Gina DeJesus
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December 24, 2018 09:55 AM

When Gina DeJesus disappeared while on her way home from school in 2004, her family was at a loss. The simplest day-to-day tasks became overwhelming for them as they remained focused on finding their loved one.

“No one gave us a book on how we were supposed to go on or what we were supposed to do,” Mayra DeJesus, Gina’s older sister, tells PEOPLE exclusively. “We felt like we were left in the dark a lot of the time.”

It has been more than five years since Gina DeJesus, along with Amanda Berry and Michelle Knight, were rescued from a Cleveland home where Ariel Castro held her captive for nearly a decade. Since then, Gina and her family have been thinking about how to help the families who are left waiting after loved ones have been abducted.

“I want to help families because my family didn’t have anything. They didn’t get help,” Gina, now 28, tells PEOPLE. “My parents didn’t have people actually helping them do the flyers and stuff. We could actually help other families with all of that instead of them worrying and freaking out.”

RELATED: Amanda Berry & Gina DeJesus Share Their Incredible Story of Survival

Gina and her cousin Sylvia Colon have launched a nonprofit group tentatively called The Center for Missing and Abducted & Exploited Children/Adults. They plan to create a one-stop shop for families who are searching and coping while they search for their loved ones, but first, they’re focused on creating a Board of Directors.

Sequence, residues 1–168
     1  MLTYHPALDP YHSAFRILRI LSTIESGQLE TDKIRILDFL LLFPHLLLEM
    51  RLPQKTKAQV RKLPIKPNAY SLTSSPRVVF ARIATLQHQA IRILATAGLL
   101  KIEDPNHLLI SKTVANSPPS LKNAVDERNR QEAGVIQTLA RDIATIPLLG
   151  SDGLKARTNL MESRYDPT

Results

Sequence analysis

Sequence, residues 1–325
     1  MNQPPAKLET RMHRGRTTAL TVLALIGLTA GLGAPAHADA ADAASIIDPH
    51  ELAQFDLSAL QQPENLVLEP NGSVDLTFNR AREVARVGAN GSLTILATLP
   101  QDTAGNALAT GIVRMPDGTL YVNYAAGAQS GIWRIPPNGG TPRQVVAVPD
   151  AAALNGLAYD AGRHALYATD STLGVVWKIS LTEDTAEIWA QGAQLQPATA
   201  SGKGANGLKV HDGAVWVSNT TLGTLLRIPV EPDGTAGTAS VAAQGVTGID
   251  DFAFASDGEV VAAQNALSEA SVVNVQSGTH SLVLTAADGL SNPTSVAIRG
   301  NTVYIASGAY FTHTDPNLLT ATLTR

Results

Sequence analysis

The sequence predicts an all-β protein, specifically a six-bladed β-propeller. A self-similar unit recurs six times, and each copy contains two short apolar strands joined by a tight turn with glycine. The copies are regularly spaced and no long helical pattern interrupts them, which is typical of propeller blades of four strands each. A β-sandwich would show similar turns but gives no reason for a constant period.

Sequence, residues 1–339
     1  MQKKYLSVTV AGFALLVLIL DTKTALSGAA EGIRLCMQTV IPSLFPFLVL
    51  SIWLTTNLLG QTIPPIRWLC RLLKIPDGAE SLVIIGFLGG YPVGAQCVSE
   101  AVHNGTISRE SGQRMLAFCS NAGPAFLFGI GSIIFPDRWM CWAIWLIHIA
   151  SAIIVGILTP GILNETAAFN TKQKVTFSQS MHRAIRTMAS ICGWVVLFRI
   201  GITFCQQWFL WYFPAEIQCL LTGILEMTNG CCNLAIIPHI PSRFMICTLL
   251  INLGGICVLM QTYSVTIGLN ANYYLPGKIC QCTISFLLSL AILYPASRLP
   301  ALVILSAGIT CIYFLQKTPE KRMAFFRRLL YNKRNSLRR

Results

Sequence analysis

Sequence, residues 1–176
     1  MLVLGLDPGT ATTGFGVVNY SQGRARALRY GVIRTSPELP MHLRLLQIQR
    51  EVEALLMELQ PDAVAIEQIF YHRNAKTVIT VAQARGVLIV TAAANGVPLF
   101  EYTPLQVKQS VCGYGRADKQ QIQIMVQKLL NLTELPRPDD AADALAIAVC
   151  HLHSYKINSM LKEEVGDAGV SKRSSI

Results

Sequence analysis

Colon says they’ve made presentations across the city and hope to launch in the new year. They will focus on having their first board meeting by the end of the first quarter so they can plan to raise money and hire an executive director and business manager by the end of the second quarter. Gina’s sister Mayra is the group’s social media manager.

“We’re definitely in the infancy stage,” says Colon.

Amanda Berry, Gina DeJesus and Michelle Knight

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But the group has made significant steps in their quest to help others by setting up a business office in newly-renovated manufacturing building, which sits on Seymour Avenue — the same street and neighborhood where Gina was held captive.

The group wants to make sure other families in similar situations have somewhere to turn to ask for help and resources.

Mayra says her family could have used a place like this when Gina was missing.

RELATED: Cleveland Kidnapping Survivors: 4 Years After Escape, Where Are They Now?

“Life goes on even though that person is gone. It’s a balancing act of continuing to look for that person and not feeling guilty,” she says. “In order to survive, you must do those day-to-day activities. There’s just nothing out there like we want to do for families.”

She continues: “Even simple things like buying food. A lot of times when you go through this, you stop eating. You’re not paying attention to what you need to go on everyday,” she recalls. “It’s like a twilight zone. You’re just existing. You’re not living.”

The group is passionate and hopeful for the new year and the new challenges it will bring. Gina is excited about the holidays, she says, but is looking forward to helping others.

“I just want to give back,” she says.

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